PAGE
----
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The world’s deepest swimming pool
may not be on Key Biscayne, but
it’s been visited by a Key resident
or two since its inception. Belgium’s
Nemo 33 in Brussels took seven
years to complete and consists of
a submerged structure with flat
platforms at various depths. The
pool has 2.5 million liters of non-
chlorinated, filtered spring water
heated by solar panels. The pool’s
central circular pit descends to
108 feet, with flat-bottomed areas
at depths 16 and 32 feet. Besides
serving as a worldwide attraction,
the pool is used for scientific
research, film production and
diving instruction. To schedule a
tour, go to Nemo33.com.
The University of Miami’s RSMAS
on Virginia Key is at the forefront
of the rise of aquaculture with
its Sea Secrets series. Worldwide,
aquaculture is a $70 billion industry
that contributes almost half the
seafood consumed, yet the U.S.
produces only about three percent
of this, leading to a seafood trade
deficit of more than $8 billion per year. Dr. Daniel Benetti,
chair of the RSMAS division of marine affairs and policy
and director of the school’s aquaculture program, recently
presented a lecture on the “Blue Revolution” that showcased
his travels around the world speaking with governments
and organizations about this important economic and
environmental management topic. During his presentation,
he discussed cutting-edge technologies that are being used to
grow species such as cobia, tuna, snapper and yellowtail jacks,
and how scientists are working hard to develop methods that
are environmentally safe and sustainable. Seafood anyone?
“The whole point of
living in paradise is to
enjoy a comfortable,
— Cecil Day-Lewis
22 key biscayne magazine
The longest length of a man-
of-war tentacle ever found off
the waters of Key Biscayne.
Q: I’m starting to lose the passion that used to be a major
part of my 15-year marriage. Although work and charities
take up a lot of our time during the week, my husband and
I are at home together most nights and on the weekends,
but we tend to drown ourselves in our respective hobbies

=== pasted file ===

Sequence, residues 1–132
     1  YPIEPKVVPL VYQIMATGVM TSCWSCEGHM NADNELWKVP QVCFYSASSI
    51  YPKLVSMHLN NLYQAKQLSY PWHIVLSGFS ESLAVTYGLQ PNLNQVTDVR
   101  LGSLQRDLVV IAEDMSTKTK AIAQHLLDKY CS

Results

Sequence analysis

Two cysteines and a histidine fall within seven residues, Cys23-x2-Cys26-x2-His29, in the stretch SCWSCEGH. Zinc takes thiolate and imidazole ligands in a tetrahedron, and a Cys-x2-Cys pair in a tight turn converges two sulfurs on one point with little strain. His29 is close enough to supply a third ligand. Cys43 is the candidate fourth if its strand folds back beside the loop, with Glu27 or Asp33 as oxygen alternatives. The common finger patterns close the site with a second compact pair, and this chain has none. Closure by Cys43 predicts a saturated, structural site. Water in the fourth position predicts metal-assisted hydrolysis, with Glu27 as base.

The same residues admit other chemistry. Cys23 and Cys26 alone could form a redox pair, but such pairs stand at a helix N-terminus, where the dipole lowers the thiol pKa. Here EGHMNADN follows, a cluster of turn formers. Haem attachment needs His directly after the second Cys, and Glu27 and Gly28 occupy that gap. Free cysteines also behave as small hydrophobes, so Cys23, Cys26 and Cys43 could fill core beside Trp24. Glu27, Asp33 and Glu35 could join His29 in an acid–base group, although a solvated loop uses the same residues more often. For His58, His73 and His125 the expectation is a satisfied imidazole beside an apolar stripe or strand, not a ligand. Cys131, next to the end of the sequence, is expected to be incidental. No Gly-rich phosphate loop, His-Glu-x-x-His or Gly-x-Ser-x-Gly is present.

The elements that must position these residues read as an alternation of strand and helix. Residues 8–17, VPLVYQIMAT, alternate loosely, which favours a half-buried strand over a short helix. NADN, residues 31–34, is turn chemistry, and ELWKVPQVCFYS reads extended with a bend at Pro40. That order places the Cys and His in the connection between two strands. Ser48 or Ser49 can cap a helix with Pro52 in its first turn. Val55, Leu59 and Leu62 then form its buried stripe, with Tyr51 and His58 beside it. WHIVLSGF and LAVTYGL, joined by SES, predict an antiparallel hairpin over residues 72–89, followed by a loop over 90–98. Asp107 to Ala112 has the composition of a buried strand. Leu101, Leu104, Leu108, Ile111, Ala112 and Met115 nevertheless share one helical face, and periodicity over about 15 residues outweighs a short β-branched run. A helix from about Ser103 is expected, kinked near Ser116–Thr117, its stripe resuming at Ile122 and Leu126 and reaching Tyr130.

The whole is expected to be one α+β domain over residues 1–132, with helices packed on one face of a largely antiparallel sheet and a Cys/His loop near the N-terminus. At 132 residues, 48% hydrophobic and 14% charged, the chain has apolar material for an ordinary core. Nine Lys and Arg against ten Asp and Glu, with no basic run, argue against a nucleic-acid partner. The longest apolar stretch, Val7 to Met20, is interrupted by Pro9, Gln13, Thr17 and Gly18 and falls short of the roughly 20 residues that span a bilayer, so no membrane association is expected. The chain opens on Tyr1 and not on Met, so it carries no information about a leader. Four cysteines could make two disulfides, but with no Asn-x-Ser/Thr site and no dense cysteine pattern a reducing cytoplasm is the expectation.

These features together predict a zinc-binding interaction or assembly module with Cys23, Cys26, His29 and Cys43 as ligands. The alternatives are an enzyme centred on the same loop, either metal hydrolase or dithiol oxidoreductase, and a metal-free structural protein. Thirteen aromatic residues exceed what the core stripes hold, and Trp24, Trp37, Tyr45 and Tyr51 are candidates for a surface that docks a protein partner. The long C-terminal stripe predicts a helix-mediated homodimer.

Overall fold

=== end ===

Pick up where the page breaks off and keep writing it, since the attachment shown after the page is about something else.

instead of interacting with one another. What can I do to
bring the sparks back without making him feel inadequate
or coming across too confrontational? Are we doomed?
A: Keeping the spark in a marriage is not easy. It requires
constant dedication like anything else that’s important. I
constantly receive phone calls from couples just like you,
who begin to find interest in other areas in their life and
that’s wonderful. Hobbies, friends and community services
are important, but if you want to stay happily married and
grow old together, your relationship needs constant attention.
If both of you are spending less time together, you may slowly
grow apart. Here’s some advice to consider:
• Talk about what’s important to both of you
• Spend intimate time together regardless of disagreements
• Do things you used to do back when you were dating
• Find somehow every day to genuinely communicate
affection and appreciation toward each other
• Kiss, hold and touch in the morning and before bedtime
› Lisette N. Beraja of Beraja Counseling Center is a Licensed Marriage
and Family Therapist with more than 10 years of experience working
with children, adults, couples and families. If you have a question
you’d like answered in a future edition of Key Biscayne Magazine,
email it to Lisette@Beraja.com. Due to high volume, we will not be
able to respond to all submissions. All names will be withheld to
ensure the privacy of our readers.
Everyone’s favorite dolphin
filmed several episodes of his
show at Jimbo’s in Virginia Key.
Term for when iguanas fall out of trees
at Bill Baggs when it gets too cold.
They’re not dead, just hibernating.